In an interview in his Rome office on Monday, Fioramonti said all state schools would dedicate 33 hours per year, almost one hour per school week, to climate change issues from the start of the next academic year in September.

Many traditional subjects, such as geography, mathematics and physics, would also be studied from the perspective of sustainable development, said the minister, a former economics professor at South Africa’s Pretoria University.

Italy, Climate Change, Sustainable Development
Fioramonti, from the anti-establishment 5-Star Movement, is the government’s most vocal supporter of green policies and was criticized by the opposition in September. Pixabay

“The entire ministry is being changed to make sustainability and climate the center of the education model,” Fioramonti told Reuters in the interview conducted in fluent English.

“I want to make the Italian education system the first education system that puts the environment and society at the core of everything we learn in school.”

Fioramonti, 42, the author of several books arguing gross domestic product should no longer be used as the main measure of countries’ economic success, has been a target of the right-wing opposition since becoming a minister in the two-month-old government of 5-Star and the center-left Democratic Party.

His proposals for new taxes on airline tickets, plastic and sugary foods to raise funds for education were strongly attacked by critics who said Italians were already over-taxed.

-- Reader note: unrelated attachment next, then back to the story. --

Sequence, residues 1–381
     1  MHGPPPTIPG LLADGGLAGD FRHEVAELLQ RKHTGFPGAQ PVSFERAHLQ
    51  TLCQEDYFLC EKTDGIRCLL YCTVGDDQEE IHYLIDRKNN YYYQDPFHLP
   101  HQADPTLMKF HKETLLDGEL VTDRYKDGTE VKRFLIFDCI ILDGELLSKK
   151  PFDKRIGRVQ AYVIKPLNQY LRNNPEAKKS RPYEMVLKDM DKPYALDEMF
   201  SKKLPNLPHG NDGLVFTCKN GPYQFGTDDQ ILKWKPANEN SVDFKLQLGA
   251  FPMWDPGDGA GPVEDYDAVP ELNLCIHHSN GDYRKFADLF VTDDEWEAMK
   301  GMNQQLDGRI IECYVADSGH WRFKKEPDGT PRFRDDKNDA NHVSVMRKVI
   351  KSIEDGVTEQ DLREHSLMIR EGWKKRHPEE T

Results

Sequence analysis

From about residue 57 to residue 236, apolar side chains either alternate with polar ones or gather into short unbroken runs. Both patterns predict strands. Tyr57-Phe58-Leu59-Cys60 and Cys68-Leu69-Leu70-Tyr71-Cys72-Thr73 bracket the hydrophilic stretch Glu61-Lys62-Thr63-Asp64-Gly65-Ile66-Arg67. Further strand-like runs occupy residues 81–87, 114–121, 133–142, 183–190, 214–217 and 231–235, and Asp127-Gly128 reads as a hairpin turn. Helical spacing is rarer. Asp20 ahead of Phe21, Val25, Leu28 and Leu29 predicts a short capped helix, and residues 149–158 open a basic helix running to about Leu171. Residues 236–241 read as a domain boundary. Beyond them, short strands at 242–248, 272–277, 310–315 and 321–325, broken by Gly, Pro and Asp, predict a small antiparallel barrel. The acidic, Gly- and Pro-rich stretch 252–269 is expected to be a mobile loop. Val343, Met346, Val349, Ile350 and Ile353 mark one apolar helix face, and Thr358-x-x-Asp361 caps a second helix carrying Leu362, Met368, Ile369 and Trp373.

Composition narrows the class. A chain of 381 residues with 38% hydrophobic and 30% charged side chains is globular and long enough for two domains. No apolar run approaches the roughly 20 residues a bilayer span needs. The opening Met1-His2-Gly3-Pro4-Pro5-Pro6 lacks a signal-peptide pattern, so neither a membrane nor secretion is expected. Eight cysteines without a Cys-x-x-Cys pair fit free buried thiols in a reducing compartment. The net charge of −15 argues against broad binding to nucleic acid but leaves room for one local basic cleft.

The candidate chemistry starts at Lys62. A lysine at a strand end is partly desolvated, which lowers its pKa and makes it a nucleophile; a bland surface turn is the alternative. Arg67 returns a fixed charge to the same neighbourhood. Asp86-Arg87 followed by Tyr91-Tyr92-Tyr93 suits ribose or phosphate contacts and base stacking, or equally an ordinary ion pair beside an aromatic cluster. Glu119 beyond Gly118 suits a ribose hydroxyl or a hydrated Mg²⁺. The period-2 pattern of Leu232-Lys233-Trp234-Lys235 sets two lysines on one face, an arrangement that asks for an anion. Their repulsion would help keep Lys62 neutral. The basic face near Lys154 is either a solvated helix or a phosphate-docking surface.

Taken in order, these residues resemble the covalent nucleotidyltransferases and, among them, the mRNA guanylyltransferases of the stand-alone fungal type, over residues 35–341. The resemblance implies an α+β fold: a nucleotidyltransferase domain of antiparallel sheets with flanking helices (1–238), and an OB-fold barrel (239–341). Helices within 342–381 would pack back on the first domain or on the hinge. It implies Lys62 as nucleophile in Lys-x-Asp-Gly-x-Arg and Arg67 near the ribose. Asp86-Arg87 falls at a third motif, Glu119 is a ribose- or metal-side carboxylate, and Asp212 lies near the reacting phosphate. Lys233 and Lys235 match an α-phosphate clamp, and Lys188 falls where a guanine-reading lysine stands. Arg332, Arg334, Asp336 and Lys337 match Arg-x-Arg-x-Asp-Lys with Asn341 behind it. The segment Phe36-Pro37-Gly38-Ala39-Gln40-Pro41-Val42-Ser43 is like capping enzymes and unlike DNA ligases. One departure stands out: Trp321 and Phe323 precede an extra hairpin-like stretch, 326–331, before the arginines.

He then sparked fury from conservatives when he suggested crucifixes should be removed from Italian classrooms to create a more inclusive environment for non-Christians.

Despite the criticism, the government’s 2020 budget presented to parliament this week included both the plastic tax and a new tax on sugary drinks.

“I was ridiculed by everyone and treated like a village idiot, and now a few months later the government is using two of those proposals and it seems to me more and more people are convinced it is the way to go,” Fioramonti said.

ANTI-SALVINI

Italy, Climate Change, Sustainable Development
In an interview in his Rome office on Monday, Fioramonti said all state schools would dedicate 33 hours per year, almost one hour per school week, to climate change issues from the start. Pixabay

Surveys showed 70-80% of Italians backed taxing sugar and flights, he said, adding that coalition lawmakers had told him they would table budget amendments to introduce his proposal to hike air ticket prices before the budget is approved by end-year.

Fioramonti said targeted taxes of this kind were a way of discouraging types of consumption which were harmful to the environment or individuals, while generating resources for schools, welfare or lowering income tax.

In this vein, he suggested other levies on various types of gambling and on profits from oil drilling.

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His progressive positions on the economy and the environment are the antithesis of Matteo Salvini’s hard-right League, which has overtaken 5-Star to become easily Italy’s most popular party, with more than 30% of voter support. (VOA)